Walking across a stage to receive a diploma is a time-honored tradition. So when Central Algoma Secondary School, or CASS, in Ontario, was forced to cancel its graduation ceremony due to COVID-19 restrictions, one teacher came up with an ingenious solution. Ray Gowlett, a health and physical education teacher, constructed a mobile graduation stage. Then, over the course of a weekend, he drove the pop-up stage to the homes of 72 graduating seniors, holding a series of mini ceremonies.
To add authenticity to the makeshift stage, Gowlett worked with a local graphics shop to create a print version of a CASS tapestry that has the school’s logo, which made for a perfect photo backdrop. The stage was also decorated with flowers for portable pomp and circumstance. In the photo below, Gowlett, and fellow teacher Julie Robinson, presented a diploma to graduate Erika Beitz.
Katrina Beaulieu, another recent CASS graduate, told Simplemost that the graduation ceremony was the first time her family had gathered since the start of the pandemic. Her neighbors, from their driveways, cheered her on as her name was called and as she received end-of-school merit awards.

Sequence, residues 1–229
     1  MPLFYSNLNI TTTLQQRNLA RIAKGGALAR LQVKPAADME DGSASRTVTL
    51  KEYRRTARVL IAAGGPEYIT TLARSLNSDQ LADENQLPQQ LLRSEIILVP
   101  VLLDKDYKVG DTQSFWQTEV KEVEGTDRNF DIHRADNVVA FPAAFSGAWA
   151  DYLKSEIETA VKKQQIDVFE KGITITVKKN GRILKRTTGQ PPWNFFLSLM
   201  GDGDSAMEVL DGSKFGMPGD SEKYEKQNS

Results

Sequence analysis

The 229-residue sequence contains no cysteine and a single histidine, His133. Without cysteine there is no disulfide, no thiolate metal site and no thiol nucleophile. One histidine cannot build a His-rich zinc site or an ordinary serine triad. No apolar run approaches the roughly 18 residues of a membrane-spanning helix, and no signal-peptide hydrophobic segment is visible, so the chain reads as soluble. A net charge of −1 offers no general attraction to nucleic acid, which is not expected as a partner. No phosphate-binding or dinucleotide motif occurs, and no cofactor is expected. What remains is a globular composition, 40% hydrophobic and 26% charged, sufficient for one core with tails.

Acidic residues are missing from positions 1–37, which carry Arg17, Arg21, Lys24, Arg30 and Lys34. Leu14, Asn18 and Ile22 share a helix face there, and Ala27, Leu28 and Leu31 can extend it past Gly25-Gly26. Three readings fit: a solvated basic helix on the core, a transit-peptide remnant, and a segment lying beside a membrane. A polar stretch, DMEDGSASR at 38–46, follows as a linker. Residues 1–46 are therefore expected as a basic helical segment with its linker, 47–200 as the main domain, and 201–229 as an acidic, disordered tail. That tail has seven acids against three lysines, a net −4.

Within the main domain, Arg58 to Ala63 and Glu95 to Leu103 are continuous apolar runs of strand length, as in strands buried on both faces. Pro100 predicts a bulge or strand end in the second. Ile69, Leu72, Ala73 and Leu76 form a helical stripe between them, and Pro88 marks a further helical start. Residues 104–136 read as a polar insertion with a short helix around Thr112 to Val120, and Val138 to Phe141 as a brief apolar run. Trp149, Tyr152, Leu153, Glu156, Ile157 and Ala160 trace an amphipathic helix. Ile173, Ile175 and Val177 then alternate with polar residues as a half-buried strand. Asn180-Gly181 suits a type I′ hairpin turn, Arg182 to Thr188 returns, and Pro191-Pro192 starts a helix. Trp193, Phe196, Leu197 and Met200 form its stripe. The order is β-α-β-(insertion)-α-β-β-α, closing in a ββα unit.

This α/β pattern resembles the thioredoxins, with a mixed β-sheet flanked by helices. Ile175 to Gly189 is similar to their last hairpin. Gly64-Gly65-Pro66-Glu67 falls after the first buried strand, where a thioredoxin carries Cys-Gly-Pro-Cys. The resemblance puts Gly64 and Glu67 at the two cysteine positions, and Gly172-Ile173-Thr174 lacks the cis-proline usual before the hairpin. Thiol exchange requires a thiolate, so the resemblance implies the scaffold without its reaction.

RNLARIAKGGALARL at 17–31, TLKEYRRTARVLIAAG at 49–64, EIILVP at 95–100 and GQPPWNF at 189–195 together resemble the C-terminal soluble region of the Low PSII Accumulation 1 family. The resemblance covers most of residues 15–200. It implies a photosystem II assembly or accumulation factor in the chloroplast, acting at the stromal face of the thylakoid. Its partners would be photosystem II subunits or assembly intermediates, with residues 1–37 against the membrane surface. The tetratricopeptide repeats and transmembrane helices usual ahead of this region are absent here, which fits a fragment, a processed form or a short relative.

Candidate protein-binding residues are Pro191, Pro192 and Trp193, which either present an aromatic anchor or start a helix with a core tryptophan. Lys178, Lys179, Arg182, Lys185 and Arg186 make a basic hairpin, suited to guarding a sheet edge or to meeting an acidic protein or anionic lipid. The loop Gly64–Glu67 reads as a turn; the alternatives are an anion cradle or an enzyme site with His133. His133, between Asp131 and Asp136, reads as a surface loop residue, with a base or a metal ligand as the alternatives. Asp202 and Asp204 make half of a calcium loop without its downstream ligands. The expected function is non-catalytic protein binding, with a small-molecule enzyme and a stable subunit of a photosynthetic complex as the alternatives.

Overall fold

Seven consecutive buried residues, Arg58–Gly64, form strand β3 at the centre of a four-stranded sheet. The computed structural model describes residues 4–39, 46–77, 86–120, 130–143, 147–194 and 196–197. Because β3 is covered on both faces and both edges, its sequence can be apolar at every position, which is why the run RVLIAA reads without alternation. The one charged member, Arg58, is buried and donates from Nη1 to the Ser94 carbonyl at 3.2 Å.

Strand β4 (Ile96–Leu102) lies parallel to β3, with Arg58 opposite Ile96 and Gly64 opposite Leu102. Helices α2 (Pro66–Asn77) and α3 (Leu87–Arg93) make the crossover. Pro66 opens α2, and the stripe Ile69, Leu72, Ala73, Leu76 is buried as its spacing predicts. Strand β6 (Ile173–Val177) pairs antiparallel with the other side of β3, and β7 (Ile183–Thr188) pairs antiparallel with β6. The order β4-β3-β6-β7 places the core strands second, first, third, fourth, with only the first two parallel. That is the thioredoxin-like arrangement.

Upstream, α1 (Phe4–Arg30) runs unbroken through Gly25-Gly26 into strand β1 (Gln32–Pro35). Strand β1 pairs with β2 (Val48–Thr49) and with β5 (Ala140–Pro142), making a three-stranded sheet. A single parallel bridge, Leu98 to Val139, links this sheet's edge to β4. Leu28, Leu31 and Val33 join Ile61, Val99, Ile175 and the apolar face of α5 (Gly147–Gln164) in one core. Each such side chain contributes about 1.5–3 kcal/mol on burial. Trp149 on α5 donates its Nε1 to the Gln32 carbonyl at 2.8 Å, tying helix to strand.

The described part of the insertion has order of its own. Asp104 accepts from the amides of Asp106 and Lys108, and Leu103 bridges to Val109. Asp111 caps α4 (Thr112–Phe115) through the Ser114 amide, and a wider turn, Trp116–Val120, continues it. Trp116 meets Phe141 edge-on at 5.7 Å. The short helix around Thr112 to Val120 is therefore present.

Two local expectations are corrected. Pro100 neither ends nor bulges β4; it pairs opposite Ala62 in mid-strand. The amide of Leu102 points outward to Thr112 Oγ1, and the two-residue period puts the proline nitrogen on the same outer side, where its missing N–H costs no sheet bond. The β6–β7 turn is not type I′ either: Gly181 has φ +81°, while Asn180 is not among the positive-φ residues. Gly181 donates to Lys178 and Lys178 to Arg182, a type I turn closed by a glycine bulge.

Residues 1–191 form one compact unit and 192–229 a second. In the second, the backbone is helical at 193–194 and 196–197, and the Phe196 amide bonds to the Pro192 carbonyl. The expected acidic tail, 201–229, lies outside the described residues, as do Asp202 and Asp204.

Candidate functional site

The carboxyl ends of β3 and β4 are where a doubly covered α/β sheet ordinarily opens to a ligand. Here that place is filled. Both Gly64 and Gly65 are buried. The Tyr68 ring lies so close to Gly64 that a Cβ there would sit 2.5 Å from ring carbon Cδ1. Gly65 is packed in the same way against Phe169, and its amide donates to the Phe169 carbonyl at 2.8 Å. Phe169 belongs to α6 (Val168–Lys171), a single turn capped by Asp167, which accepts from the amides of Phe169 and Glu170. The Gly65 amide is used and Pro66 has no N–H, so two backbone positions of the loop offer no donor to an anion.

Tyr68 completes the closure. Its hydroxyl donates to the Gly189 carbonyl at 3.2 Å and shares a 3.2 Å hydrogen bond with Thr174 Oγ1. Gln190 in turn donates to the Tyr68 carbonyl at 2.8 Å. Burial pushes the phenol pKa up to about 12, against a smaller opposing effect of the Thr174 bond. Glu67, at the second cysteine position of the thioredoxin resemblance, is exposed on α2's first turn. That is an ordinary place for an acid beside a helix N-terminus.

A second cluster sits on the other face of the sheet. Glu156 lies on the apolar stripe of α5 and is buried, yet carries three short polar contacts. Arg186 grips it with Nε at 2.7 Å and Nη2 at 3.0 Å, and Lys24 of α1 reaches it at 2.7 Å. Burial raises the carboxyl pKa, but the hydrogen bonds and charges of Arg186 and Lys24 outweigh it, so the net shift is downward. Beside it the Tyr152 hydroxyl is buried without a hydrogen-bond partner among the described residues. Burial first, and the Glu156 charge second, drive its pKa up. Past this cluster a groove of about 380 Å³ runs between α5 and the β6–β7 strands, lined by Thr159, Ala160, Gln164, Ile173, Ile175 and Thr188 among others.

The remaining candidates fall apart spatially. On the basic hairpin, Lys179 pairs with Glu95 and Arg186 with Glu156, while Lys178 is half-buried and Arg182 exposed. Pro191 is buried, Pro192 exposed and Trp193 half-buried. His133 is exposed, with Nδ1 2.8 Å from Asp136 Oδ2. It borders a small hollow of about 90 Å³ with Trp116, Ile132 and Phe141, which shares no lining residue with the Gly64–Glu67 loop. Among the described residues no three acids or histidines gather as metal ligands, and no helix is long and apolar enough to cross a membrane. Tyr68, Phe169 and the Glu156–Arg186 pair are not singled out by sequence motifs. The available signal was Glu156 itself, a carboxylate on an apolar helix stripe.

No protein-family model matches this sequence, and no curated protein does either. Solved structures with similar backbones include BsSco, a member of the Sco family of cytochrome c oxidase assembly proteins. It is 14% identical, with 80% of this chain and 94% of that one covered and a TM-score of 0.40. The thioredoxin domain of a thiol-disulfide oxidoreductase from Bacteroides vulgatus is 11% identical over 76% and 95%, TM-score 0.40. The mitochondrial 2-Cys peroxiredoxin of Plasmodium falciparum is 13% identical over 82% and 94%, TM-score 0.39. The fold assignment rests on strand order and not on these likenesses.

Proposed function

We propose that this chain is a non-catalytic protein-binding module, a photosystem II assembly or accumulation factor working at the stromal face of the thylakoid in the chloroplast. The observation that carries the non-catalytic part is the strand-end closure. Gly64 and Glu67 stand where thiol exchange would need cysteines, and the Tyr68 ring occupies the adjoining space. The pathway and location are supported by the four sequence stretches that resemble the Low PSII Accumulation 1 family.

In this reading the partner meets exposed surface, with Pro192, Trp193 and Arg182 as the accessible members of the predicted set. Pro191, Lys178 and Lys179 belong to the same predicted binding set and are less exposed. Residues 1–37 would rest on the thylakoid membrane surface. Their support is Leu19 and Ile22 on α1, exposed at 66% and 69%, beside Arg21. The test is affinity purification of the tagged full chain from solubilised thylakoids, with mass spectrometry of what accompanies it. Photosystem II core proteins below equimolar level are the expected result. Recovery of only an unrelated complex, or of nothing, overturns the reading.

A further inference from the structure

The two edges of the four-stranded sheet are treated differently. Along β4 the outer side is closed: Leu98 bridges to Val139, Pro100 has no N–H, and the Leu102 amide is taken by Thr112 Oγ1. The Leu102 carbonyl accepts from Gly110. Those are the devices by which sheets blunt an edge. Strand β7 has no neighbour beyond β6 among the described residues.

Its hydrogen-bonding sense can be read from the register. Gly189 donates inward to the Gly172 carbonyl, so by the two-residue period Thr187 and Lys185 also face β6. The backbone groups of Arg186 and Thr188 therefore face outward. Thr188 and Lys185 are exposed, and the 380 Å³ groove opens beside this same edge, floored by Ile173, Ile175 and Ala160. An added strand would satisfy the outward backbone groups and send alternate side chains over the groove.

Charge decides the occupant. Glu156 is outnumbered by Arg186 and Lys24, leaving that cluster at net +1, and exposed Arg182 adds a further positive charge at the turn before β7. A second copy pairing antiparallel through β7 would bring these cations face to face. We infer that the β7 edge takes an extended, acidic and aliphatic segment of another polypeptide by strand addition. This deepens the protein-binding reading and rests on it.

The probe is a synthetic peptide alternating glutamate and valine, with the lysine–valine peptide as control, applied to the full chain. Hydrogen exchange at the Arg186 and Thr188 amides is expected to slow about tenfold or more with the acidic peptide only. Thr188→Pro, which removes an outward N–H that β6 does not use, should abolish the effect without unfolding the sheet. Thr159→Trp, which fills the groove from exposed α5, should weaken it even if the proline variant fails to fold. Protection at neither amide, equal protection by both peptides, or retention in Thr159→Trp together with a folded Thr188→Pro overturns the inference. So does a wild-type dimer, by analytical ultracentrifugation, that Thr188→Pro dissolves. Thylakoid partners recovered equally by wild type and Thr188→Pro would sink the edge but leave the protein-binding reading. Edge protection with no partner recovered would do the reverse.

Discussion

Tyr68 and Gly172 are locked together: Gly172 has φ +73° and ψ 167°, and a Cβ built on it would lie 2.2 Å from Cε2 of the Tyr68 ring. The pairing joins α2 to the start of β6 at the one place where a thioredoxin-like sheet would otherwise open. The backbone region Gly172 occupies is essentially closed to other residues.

“It was a big moment,” she said. “It felt like a light at the end of the tunnel.”
The idea for a mobile graduation stage came about in conversations between Gowlett and his daughter Sadie, who graduated from CASS this year. She asked her father to hand out degrees to her and a friend at an outdoor public stage. During the conversation with her dad, she expressed how much her peers would appreciate a similar experience and that they’d too want to pose for graduation photos on a stage.
“That’s when the wheels started turning,” Gowlett told Simplemost. “I thought, ‘We can’t get every person to walk across the stage so let’s bring a stage to every person.’”
Gowlett, who is a graduate of CASS and has been teaching at the school for more than two decades, got the green light to move forward with the reimagined plan from the graduation committee. From there, he constructed a stage in six hours and members of the school and community helped out with logistics behind the scenes.
The graduation route covered nearly 250 miles over the course of a Saturday and Sunday. With single-use graduation gowns and crowds capped at 10 people, the ceremonies were COVID-compliant.
Since the onset of the pandemic, Gowlett says he’s seen his students adapt and persevere as they switched to a virtual learning format and missed out on sports seasons and dances. The students and their families were grateful for the at-home graduation ceremonies.
“We saw joy and love and hope and happiness,” he says. “It was powerful; there were a lot of tears.”
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